200. Peter HORNING
1) PETER HORNING SR. (LUDWICH (LUDWIG)1) (#309) was born in Germantown, Phil. Co. Pa. USA 1740. PETERHORNINGPETER, SR. (1740-CA 1823) died circa January 1823 in Barton Twp. Wentworth Co. Ont., at age 82.
He married twice. He HORNING PETER, SR. (1740-CA 1823) married MARY ( - ) date unknown. (MARY is #1366.) He HORNING PETER, SR. (1740-CA 1823) married ISABELLA (1740-dec.) 1762 in Skippack Twp, Montgomery, Co. Pa.. (ISABELLA is #310.) ISABELLA (1740-dec.) was born 1740 in Montgomery County, Pa. USA.
It is believed PETER HORNING was born in Germantown, Philadelphia County, Pennsylvania in 1740. That would be shortly before his father, LUDWIG HORNING and his mother, KATHELINE KEYSER moved up to Van Bebber's Township, (later Skippack) to occupy the land KATHELINE had received from her father.
Before he left for Canada PETER HORNING's land was in Providence Township, Montgomery County, Pennsylvania. He had purchased 65 acres from his father LUDWIG HORNING and it was located just west of Perkiomen Creek on the "Great Road" running between Audubon and Mont Clare (now called the Egypt Road).
The 1776 assessment records actually show him as having 50 acres and 1 servant. The land later was in the Town of Oaks but long after Peter had departed for Canada, the railway was put through the property. It is now abandoned but in my files is a picture of the old railway station at Oaks. Today in 1994 the # 422 Turnpike goes through the property. In my files are historic and modern maps showing the locations.
It is believed that PETER HORNING first investigated land in Canada in 1785 and applied for a Crown Land Grant but then returned to Pennsylvania. Sons ABRAHAM and ISAAC emigrated to Canada in 1787. Peter with his wife ISABELLA and his other 7 children emigrated in 1788. At that time Peter petitioned for a land grant as follows.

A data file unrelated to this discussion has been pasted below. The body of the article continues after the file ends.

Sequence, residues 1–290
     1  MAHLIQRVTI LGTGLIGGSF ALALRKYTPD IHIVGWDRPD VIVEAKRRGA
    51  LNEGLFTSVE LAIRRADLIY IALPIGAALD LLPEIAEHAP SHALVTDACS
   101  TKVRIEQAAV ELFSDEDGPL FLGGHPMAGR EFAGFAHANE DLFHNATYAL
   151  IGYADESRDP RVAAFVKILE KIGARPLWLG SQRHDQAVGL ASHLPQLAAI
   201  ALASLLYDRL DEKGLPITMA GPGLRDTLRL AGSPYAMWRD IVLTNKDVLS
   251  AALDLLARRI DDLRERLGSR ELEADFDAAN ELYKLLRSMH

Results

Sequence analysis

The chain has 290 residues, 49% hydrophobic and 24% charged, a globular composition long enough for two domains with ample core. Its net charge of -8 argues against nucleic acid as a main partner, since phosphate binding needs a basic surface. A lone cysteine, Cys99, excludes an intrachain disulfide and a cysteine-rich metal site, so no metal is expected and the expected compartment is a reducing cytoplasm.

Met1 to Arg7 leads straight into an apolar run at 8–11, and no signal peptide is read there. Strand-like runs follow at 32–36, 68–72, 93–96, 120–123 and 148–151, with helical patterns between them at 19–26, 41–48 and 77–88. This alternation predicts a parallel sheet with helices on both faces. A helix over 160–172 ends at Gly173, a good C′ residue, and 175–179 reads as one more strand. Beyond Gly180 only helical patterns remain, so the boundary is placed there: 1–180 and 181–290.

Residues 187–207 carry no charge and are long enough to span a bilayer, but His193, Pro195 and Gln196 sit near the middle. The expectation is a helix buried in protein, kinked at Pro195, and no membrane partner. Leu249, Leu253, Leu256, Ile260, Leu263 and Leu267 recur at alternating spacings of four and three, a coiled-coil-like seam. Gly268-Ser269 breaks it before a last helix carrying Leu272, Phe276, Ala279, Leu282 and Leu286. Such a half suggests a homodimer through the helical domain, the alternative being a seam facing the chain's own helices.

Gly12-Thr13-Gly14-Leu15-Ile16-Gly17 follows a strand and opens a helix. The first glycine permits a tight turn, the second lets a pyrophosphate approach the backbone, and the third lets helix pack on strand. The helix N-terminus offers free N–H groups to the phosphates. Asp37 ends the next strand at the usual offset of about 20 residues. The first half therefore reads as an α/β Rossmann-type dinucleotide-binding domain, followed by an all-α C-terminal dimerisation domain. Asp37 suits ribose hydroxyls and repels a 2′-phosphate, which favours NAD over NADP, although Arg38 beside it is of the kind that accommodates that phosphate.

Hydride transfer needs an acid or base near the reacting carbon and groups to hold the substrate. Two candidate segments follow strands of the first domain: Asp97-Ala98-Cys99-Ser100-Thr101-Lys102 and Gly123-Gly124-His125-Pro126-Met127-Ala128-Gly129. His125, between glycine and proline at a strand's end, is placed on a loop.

"To His Excellency John Graves Simcoe Esquire Lieutenant Governor, and commander in Chief of the Province of Upper Canada
The Petition of Peter Horning of the Township of Barton, Farmer--who came into this Province in the Year 1788--with a wife and nine children--had received 400 acres of land--one half of which is so cut up by a rocky mountain as to be totally unfit of culture & the remainder is entirely cleared and under cultivation Respectfully Shews That your petitioner is settled on the lands of the Crown in this Province, being in a condition to cultivate and improve the same. That he has taken the usual oaths, & is ready to subscribe the declaration, that he professes the Christian Religion, and obedience to the laws, and has lived inoffensively in the country which he has left." From Upper Canada Land Petitions "H" Bundle 2, 1795-1797 Ro 1, L3, Vol 223 held by Ontario Archives Cabinet 1 Reel 116.
An interesting letter of reference from Peter's friends and neighbours back in Providence Township, Montgomery County, Pa. Peter must have brought this with him when he arrived in Canada in 1788, in anticipation of his needs for reference in applying for a Crown Land Grant.
"To all whom it may concern-- At the request of Peter Horning (the bearer hereof) we the subscribers do hereby certify: That we have been long acquainted with him--know him to be a person of good moral character, and in the late unhappy contest between Great Britain & America, he avoided taking an active part, nor could he be prevailed with to take the Oath of Allegiance to America-- _(?) our hand this 4th Day of August, 1788---Providence, Montgomery County, Pennsylvania. Signed Henry Pawling